Sound Advice: The Thing by Minotaurs
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Sound Advice: The Thing by Minotaurs

Every Tuesday, Torontoist scours record store shelves in search of the city’s most notable new releases and brings you the best—or sometimes just the biggest—of what we’ve heard in Sound Advice.

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Vampire Weekend, Shmampire Shmeekend. When it comes to white dudes appropriating African sounds for white audiences in a tasteful way, leave it to Minotaurs. The brainchild of seasoned session man Nathan Lawr (Royal City, Fembots, and Feist), this Ontarian supergroup sees guests from Holy Fuck, Rheostatics, and Constantines, among others, weave indie sensibilities into Fela Kuti–inspired jams in a way that doesn’t reek of over-privileged cultural imperialism.
Although Lawr’s past collaborations and solo projects haven’t strayed far past the folk rock protocol, The Thing, his latest offering under the Minotaurs moniker, is full of funky Afrobeat rhythms rich in soul and ass-shakeability. Opener “Caught In The Light” sets the tone with staccato beats, a snaky bassline, and jazzy saxes, but the song takes an unexpected turn when Lawr chimes in with his brooding, Thom Yorke–esque vocals. The rest of the record follows suit, departing from the by-the-numbers Afrobeat formula and meandering into different melodic directions; “Get Down” drapes an authoritative reggae groove over what’s essentially a folk-pop skeleton, while the title track starts as a seductive guitar and marimba–driven trip-hop tune before segueing into a mesmerizing sea of horns.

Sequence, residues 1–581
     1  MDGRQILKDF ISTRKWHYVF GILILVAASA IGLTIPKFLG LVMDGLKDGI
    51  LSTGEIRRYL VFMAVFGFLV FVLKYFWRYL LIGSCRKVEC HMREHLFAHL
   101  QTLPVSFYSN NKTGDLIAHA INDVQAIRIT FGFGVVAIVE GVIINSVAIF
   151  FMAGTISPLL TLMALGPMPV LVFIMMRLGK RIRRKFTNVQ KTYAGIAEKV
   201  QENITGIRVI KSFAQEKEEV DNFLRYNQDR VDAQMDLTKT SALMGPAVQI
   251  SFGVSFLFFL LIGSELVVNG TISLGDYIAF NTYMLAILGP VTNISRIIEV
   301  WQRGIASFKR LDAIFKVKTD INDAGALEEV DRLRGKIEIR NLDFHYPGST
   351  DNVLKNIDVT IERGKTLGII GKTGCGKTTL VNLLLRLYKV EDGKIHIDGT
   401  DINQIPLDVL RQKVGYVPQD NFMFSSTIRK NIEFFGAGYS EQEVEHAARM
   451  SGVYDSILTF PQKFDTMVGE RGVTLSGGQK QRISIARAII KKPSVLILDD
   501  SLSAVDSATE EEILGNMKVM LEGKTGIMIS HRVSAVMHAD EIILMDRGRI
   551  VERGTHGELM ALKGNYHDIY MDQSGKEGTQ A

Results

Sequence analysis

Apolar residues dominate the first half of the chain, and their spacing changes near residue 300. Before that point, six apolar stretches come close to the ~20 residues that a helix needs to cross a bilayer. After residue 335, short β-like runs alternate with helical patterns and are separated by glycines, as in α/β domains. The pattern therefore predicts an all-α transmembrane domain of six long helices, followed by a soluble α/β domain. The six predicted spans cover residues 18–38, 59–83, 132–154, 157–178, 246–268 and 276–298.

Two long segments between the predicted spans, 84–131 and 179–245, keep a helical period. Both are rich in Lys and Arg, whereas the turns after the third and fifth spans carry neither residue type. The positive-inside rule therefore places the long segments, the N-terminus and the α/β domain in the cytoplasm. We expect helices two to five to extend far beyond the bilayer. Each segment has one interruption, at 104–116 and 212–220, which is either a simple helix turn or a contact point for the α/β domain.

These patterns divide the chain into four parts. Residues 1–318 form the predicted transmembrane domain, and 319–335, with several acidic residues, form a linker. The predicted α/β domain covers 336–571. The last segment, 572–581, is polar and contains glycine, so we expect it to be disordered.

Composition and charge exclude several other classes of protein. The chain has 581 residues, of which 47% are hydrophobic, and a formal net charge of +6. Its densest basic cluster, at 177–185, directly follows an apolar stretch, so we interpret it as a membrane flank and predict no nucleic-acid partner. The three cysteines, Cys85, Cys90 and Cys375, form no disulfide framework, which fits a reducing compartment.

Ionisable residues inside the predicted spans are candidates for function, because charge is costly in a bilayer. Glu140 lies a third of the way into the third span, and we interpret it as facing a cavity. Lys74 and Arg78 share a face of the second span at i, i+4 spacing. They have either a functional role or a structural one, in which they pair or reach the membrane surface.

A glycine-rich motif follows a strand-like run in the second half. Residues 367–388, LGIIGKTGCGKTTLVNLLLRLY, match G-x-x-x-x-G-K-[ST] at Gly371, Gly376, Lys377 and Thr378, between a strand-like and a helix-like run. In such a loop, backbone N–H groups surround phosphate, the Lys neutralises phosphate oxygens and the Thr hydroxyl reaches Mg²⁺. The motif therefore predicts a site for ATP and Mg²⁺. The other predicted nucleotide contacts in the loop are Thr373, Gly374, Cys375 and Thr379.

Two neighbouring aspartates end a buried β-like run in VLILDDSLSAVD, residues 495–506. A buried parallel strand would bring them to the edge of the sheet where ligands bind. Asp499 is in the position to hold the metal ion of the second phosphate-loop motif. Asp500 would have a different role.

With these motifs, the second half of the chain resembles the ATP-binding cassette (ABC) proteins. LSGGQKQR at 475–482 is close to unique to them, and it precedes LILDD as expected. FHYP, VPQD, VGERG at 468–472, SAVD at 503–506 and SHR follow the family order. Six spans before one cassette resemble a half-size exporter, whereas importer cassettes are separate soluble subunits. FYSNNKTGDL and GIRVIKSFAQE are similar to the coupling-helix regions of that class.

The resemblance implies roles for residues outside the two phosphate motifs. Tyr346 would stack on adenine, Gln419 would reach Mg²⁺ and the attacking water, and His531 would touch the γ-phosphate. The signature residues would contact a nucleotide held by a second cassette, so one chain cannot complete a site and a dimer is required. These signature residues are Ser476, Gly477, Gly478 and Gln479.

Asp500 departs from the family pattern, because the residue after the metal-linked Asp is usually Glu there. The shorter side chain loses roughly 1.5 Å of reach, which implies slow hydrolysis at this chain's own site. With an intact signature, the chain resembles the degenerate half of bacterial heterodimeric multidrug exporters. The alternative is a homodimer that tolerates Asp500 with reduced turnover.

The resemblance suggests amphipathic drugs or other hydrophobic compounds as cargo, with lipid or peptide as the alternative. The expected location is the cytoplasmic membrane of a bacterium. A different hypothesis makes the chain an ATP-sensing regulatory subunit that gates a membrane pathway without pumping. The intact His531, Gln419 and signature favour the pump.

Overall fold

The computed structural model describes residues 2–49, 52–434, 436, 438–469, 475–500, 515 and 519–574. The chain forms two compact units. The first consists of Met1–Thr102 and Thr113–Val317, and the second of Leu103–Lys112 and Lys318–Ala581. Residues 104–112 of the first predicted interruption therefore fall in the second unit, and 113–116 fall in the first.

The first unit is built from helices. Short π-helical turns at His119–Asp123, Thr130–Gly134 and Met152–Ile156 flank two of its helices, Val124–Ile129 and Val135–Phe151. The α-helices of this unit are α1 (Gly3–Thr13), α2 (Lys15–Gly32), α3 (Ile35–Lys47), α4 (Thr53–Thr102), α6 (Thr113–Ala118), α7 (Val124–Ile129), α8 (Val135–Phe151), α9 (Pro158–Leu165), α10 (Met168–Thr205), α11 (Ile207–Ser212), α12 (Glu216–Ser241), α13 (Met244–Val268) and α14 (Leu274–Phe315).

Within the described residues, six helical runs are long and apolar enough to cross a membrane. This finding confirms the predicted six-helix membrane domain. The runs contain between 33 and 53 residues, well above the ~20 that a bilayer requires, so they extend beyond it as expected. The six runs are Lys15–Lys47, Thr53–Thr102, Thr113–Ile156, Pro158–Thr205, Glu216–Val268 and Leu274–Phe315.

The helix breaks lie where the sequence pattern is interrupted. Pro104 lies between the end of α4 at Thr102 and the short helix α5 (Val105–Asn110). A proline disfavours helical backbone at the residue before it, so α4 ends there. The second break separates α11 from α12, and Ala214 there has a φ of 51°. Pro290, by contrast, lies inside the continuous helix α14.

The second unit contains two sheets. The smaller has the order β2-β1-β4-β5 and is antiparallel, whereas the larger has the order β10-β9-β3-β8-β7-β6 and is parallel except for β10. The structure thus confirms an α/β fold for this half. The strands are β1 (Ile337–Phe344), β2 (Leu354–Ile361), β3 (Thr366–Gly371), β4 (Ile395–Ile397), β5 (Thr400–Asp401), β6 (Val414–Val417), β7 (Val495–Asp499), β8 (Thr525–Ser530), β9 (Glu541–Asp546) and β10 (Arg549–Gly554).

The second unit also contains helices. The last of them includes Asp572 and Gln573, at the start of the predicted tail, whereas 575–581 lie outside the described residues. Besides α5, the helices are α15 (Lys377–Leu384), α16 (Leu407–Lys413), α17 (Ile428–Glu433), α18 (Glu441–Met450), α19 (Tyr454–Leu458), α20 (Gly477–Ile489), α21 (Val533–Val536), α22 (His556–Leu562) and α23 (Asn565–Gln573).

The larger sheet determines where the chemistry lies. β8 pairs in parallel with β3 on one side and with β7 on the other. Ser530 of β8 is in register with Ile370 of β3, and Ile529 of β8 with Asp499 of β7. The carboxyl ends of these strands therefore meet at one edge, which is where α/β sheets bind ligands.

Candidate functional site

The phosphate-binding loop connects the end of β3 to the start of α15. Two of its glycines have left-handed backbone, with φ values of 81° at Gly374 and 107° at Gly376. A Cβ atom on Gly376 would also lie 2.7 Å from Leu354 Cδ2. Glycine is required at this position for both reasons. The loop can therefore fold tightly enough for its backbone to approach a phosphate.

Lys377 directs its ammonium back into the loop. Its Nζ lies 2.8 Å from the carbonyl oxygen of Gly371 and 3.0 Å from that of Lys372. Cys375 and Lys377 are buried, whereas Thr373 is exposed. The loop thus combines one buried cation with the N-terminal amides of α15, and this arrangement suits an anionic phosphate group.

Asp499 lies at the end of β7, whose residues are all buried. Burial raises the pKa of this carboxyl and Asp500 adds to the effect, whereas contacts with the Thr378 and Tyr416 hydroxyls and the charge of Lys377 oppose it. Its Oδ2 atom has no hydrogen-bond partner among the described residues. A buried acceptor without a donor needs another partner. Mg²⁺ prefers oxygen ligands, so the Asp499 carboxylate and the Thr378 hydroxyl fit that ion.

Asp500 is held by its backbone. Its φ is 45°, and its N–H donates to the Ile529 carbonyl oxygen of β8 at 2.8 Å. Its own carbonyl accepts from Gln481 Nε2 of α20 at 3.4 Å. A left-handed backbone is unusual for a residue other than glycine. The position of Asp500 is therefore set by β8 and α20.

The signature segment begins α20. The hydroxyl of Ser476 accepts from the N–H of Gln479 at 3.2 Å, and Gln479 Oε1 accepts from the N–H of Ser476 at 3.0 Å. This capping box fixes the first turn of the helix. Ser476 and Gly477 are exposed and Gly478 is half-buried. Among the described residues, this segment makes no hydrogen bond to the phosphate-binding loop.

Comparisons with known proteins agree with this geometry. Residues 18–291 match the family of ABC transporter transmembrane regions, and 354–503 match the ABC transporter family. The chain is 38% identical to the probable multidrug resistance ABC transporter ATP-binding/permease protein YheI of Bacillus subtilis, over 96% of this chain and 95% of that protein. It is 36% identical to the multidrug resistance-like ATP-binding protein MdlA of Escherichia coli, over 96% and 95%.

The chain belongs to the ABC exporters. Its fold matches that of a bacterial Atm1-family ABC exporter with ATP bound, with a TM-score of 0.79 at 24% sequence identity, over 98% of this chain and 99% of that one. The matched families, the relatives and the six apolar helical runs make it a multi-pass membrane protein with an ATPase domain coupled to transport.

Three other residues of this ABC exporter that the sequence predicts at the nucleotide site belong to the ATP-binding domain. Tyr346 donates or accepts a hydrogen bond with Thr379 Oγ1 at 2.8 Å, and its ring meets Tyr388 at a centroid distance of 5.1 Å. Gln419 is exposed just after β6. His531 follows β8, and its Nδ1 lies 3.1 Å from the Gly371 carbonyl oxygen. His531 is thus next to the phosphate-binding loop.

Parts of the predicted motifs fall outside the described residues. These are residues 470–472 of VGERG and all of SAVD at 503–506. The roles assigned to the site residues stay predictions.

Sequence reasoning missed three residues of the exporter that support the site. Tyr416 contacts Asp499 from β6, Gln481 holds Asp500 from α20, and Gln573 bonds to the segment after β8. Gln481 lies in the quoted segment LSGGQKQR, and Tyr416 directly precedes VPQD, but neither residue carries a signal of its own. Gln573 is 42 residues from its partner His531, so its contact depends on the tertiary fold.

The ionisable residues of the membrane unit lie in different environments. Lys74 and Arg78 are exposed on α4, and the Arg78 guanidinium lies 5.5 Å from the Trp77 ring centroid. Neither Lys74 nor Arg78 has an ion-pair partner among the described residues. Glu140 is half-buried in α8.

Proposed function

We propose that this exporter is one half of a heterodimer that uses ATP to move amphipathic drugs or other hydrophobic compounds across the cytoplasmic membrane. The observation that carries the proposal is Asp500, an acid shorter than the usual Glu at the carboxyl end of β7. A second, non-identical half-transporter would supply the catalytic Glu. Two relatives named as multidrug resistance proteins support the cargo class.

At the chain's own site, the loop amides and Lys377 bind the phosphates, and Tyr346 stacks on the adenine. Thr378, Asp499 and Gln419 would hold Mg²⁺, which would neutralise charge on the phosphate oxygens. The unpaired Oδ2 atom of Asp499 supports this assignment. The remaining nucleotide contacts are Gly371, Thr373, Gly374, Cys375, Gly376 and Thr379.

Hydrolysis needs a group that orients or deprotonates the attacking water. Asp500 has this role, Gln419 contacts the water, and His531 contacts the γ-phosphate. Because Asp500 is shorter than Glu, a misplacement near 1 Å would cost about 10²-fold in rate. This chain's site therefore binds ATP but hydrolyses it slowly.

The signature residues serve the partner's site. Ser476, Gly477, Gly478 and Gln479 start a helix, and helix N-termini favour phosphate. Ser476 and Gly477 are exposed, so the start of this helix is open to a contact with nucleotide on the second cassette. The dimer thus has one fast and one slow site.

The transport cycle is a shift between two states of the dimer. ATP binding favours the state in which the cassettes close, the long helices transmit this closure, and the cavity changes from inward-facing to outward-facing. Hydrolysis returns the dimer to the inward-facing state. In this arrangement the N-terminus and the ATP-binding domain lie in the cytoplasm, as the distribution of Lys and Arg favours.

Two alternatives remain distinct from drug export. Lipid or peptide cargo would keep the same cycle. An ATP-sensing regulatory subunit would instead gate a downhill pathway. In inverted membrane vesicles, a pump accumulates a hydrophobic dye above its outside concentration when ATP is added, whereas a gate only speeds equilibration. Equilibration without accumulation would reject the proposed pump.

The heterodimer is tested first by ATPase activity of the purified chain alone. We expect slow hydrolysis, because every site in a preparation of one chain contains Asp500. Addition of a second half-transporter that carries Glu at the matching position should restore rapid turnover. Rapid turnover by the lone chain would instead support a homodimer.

Despite managing to cram elements as disparate as Appalachian music (“Runaway Train”) and spooky Timber Timbre–like blues (“Crystal Cave”) into the Afrobeat template, The Thing flows seamlessly throughout its entire running time, never sounding disjointed. Mixed by Howie Beck and engineered by the Constantines’ Will Kidman and ex-Rheostatic Don Kerr, the disc maintains a consistent aura that’s both unflappable and foreboding. Lawr gets us off our asses with his contagiously danceable African rhythms, but he also reminds us things aren’t all hunky-dory with his ominous croons and socio-politically–tinged lyrics (“This world, it stands on hollow legs”). And he does it all without having to dress like an Oxford don.

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